This conditions sound tailor made for theft, diversion, and corruption from staff, guards, or external penetration. I find it frightening that there are so many WMD facilities in the former Soviet Union, now the Commonwealth of Independent states (CIS), that are simply falling apart along with the security charged with their protection.

If the US can profess to be concerned about areas of Africa hollowed out by AIDS that can become new al Qaeda havens, why are they not concerned with the hollowing out of key portions of the former Soviet weapons enterprise. A fraction of what we spend in Iraq could sequester and/or destroy these WMD assets. Al Qaeda has demonstrated the ability to 'hit us where we ain't' and it would be a masterstroke on their part to hold our attention in Iraq while they obtain materials from Russia to create disaster here in the US.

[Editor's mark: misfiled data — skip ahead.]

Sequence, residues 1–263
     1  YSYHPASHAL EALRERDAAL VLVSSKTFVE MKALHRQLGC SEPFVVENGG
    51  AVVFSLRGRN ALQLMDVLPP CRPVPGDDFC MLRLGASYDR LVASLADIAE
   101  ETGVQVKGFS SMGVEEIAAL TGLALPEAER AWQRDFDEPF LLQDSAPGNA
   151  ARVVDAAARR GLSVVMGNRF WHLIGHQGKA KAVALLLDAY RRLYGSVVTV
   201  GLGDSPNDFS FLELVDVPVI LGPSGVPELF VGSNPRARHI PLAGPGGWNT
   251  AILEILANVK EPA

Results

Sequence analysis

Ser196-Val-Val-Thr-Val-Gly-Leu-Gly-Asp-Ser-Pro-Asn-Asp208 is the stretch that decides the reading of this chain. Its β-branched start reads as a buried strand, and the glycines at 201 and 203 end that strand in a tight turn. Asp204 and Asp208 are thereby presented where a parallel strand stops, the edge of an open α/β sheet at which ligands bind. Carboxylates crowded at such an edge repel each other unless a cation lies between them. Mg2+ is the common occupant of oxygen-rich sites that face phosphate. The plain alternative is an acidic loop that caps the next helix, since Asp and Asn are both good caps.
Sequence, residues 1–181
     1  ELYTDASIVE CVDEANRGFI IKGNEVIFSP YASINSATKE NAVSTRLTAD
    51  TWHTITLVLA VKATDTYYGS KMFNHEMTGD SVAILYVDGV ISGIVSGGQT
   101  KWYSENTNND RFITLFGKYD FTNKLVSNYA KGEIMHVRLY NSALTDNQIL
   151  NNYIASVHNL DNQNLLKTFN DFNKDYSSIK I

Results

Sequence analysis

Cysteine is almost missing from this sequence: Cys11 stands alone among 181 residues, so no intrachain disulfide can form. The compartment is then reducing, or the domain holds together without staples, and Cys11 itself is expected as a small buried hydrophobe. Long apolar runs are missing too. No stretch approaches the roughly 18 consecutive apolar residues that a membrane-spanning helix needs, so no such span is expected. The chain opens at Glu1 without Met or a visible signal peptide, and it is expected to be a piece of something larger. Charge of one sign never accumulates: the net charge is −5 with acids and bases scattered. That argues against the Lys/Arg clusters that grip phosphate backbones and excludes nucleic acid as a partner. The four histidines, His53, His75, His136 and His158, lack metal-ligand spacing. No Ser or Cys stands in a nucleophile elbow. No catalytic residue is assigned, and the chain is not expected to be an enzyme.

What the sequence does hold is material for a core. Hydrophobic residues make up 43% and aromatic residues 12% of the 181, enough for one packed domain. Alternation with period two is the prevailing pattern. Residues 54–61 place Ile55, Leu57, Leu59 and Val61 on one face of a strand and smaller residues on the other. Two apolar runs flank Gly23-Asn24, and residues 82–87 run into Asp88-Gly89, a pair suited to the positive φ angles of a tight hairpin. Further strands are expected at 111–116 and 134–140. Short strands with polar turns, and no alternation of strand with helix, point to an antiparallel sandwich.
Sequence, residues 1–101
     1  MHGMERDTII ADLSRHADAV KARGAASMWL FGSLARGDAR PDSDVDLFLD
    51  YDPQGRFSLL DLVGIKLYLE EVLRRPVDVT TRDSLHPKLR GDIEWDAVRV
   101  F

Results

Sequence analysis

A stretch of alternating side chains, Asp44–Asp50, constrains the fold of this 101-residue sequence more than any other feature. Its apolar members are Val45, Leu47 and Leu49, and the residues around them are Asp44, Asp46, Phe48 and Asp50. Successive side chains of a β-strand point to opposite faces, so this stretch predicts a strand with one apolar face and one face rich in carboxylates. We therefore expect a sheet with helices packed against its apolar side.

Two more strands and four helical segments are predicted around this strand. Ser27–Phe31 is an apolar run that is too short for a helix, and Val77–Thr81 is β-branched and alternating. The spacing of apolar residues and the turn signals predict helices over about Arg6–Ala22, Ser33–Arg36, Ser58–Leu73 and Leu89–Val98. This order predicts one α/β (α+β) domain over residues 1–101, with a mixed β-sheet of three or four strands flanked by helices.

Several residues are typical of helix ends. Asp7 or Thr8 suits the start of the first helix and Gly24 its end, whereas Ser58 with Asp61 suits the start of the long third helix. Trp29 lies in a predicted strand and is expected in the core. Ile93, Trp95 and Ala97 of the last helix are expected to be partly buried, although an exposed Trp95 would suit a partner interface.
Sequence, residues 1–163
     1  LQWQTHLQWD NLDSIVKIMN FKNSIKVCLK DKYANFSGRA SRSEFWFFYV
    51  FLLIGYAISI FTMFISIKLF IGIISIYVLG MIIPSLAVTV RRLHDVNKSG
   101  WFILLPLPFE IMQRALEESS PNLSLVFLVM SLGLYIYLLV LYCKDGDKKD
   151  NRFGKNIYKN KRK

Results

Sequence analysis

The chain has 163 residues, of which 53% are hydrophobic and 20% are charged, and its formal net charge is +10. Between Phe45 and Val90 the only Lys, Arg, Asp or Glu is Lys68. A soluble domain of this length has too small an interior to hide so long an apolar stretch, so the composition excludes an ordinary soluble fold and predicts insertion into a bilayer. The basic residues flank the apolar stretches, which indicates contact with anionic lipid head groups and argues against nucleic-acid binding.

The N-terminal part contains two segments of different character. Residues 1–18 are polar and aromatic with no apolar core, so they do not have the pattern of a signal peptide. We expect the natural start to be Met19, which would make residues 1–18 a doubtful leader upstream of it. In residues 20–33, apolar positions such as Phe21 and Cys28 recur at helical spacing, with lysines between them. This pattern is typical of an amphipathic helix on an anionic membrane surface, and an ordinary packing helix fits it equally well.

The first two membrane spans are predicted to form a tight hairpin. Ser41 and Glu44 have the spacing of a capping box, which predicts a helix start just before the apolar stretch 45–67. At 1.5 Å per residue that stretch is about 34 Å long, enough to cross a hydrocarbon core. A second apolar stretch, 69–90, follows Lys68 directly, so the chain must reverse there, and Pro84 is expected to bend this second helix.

Chemical weapons storage methods spark protests
Gateway to Russia/BBC Monitoring/Nezavisimaya Gazeta
25 October 2004 13:07

Shikany / Volsk-18
Global Security
last data 1997

Chemical Weapons in Russia: History, Ecology, Politics
[Khimicheskoye Oruzhiye V Rossii: Istoriya, Ekologiya, Politika]
by Doctor of Chemical Sciences Lev Aleksandrovich Fedorov Moscow
Center of Ecological Policy of Russia
27 July 1994

Gordon Housworth